Wilhelm II (Friedrich Wilhelm Viktor Albert; January 27, 1859 – June 4, 1941) was the last German Emperor (Kaiser) and King of Prussia, ruling the German Empire and the Kingdom of Prussia from June 15, 1888 to his abdication November 9, 1918. He was the eldest grandchild of Queen Victoria of the United Kingdom of Great Britain and Ireland and related to many monarchs and princes of Europe, most notably King George V of the United Kingdom and Emperor Nicholas II of Russia.
After abdicating at the end of World War I on the night of November 10th the Kaiser left Spa by train to seek asylum in the Netherlands. He was granted asylum by Queen Wilhelmina.
Wilhelm first settled in Amerongen, where on November 28, he issued a belated statement of abdication from both the Prussian and imperial thrones, thus formally ending the Hohenzollerns’ 500-year rule over Prussia. Accepting the reality that he had lost both of his crowns for good, he gave up his rights to “the throne of Prussia and to the German Imperial throne connected therewith.”
He also released his soldiers and officials in both Prussia and the empire from their oath of loyalty to him. He purchased a country house in the municipality of Doorn, known as Huis Doorn, and moved in on May 15, 1920.
His cousin, George V of the United Kingdom, called him the worst criminal in history. Many nations called for his extradition and wanted the Kaiser hung for war crimes. Eventually even president Wilson agreed that to extradite the Kaiser would destabilize the tentative peace.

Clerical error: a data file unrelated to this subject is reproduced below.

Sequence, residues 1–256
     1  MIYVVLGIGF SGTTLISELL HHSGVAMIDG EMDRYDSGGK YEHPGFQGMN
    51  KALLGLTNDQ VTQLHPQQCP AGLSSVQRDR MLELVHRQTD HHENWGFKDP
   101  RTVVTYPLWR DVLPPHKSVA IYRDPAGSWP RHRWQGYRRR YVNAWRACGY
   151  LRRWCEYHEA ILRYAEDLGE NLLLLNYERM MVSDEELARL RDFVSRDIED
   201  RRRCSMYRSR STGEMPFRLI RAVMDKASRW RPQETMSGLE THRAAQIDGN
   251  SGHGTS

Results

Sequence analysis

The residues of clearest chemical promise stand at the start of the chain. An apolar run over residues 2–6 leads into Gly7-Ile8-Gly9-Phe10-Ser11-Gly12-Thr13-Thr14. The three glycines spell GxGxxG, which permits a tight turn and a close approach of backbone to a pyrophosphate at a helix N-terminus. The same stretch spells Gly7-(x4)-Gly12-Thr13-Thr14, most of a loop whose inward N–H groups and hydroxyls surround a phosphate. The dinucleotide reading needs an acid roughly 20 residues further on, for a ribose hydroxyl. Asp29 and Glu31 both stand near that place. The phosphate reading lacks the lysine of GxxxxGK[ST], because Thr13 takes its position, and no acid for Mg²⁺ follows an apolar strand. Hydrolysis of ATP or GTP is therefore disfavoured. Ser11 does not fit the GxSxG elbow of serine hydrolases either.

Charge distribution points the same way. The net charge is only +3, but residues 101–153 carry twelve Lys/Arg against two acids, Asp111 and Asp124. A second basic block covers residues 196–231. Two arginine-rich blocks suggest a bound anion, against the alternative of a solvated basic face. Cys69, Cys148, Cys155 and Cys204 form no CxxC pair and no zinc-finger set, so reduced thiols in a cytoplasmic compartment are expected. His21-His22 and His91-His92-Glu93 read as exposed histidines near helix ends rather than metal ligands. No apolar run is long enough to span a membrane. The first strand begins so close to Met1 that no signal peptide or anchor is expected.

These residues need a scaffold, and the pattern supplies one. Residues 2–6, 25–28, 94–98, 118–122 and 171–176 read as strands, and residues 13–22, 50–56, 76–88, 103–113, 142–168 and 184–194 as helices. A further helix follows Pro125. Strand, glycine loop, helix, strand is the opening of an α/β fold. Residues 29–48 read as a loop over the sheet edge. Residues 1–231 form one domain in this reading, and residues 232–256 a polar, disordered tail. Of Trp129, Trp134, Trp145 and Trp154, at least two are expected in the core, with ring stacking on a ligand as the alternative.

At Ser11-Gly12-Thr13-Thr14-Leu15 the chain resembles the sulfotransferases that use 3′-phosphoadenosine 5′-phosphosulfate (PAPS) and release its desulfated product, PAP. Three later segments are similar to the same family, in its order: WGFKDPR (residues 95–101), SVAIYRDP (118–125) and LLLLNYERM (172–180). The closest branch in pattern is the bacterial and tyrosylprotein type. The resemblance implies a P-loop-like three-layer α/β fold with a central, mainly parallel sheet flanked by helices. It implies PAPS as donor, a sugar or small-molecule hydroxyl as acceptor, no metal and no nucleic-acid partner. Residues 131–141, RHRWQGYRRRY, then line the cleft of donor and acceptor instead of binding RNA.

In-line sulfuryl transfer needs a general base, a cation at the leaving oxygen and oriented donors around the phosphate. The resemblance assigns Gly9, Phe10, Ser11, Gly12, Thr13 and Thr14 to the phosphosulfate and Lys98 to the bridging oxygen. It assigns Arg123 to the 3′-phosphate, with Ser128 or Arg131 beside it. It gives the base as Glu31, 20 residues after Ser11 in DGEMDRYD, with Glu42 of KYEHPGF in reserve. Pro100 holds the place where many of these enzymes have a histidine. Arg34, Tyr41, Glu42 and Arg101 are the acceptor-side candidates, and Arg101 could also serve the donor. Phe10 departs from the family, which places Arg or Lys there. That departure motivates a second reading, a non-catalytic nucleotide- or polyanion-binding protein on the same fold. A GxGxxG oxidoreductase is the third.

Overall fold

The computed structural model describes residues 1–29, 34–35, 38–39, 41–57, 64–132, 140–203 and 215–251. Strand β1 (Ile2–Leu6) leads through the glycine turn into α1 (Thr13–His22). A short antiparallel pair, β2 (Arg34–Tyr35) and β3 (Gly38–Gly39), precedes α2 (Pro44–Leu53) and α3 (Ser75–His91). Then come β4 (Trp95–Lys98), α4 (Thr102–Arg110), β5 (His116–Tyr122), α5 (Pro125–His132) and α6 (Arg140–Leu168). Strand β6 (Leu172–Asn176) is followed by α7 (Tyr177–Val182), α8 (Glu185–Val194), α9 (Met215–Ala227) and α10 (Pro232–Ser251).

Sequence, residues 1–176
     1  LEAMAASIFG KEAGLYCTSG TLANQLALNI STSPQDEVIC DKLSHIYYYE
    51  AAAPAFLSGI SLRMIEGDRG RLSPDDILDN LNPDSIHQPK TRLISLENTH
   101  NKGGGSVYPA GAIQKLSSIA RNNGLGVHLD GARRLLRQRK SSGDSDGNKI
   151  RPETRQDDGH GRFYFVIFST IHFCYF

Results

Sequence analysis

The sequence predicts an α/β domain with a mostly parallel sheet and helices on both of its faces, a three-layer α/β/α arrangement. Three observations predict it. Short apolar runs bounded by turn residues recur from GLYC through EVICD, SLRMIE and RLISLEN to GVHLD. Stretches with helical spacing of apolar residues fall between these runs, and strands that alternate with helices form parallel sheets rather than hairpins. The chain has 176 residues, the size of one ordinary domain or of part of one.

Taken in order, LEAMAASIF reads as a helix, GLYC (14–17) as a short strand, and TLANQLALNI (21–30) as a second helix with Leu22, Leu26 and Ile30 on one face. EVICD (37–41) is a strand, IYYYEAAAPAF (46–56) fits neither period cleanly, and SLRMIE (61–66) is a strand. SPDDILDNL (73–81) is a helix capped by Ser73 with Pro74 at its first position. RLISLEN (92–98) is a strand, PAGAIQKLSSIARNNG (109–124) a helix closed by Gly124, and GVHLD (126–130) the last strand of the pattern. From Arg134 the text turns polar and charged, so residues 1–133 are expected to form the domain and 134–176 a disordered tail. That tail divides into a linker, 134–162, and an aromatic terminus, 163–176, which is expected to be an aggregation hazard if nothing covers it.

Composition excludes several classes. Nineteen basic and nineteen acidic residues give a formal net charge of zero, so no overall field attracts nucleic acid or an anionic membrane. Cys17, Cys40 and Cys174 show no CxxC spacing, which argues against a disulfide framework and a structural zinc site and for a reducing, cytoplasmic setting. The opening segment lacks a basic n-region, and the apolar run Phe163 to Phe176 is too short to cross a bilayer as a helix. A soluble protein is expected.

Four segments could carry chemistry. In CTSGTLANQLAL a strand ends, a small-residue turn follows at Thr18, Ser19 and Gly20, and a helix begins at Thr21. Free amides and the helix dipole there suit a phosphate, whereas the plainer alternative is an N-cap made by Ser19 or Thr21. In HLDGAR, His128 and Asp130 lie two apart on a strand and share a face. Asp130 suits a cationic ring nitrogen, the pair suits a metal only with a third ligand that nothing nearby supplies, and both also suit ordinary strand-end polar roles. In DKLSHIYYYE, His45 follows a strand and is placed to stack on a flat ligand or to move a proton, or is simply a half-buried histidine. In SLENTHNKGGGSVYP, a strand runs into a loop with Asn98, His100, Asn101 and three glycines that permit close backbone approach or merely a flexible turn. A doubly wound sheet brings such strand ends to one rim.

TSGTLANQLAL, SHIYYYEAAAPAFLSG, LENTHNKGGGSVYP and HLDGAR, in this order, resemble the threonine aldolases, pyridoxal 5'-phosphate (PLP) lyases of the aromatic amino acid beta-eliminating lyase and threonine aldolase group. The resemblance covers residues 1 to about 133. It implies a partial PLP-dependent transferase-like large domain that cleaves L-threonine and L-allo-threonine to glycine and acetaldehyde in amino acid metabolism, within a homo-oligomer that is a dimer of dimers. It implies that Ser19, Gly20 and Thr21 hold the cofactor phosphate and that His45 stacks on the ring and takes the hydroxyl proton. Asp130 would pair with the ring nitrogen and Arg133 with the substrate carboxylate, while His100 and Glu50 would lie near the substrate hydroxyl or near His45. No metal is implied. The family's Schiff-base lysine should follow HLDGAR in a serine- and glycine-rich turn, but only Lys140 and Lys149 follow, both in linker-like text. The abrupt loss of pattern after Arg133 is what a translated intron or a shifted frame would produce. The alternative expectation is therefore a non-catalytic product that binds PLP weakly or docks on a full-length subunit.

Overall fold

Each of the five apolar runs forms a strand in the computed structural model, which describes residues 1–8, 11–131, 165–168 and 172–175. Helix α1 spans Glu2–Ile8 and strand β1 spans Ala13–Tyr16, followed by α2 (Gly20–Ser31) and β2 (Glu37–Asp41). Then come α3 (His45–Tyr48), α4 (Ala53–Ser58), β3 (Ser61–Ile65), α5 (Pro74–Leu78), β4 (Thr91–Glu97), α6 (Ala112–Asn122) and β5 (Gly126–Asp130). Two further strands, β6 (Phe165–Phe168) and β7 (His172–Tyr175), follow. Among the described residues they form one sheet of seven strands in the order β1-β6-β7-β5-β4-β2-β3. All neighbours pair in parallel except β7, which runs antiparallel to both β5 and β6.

In 1922, Wilhelm published the first volume of his memoirs—a very slim volume that insisted he was not guilty of initiating the Great War, and defended his conduct throughout his reign, especially in matters of foreign policy. For the remaining twenty years of his life, he entertained guests (often of some standing) and kept himself updated on events in Europe. He grew a beard and allowed his famous moustache to droop, adopting a style very similar to that of his cousins King George V and Tsar Nicholas II.
He also learned the Dutch language. Wilhelm developed a penchant for archaeology while residing at the Corfu Achilleion, excavating at the site of the Temple of Artemis in Corfu, a passion he retained in his exile. He had bought the former Greek residence of Empress Elisabeth after her murder in 1898. He also sketched plans for grand buildings and battleships when he was bored.
In exile, one of Wilhelm’s greatest passions was hunting, and he killed thousands of animals, both beast and bird. Much of his time was spent chopping wood and thousands of trees were chopped down during his stay at Doorn
Wilhelm died of a pulmonary embolus in Doorn, Netherlands, on June 4, 1941, at the age of 82, just weeks before the Axis invasion of the Soviet Union.
However, Wilhelm’s wishes never to return to Germany until the restoration of the monarchy were respected, and the Nazi occupation authorities granted him a small military funeral, with a few hundred people present.
Wilhelm was buried in a mausoleum in the grounds of Huis Doorn, which has since become a place of pilgrimage for German monarchists. A few of these gather there every year on the anniversary of his death to pay their A few of these gather there every year on the anniversary of his death to pay their homage to the last German Emperor.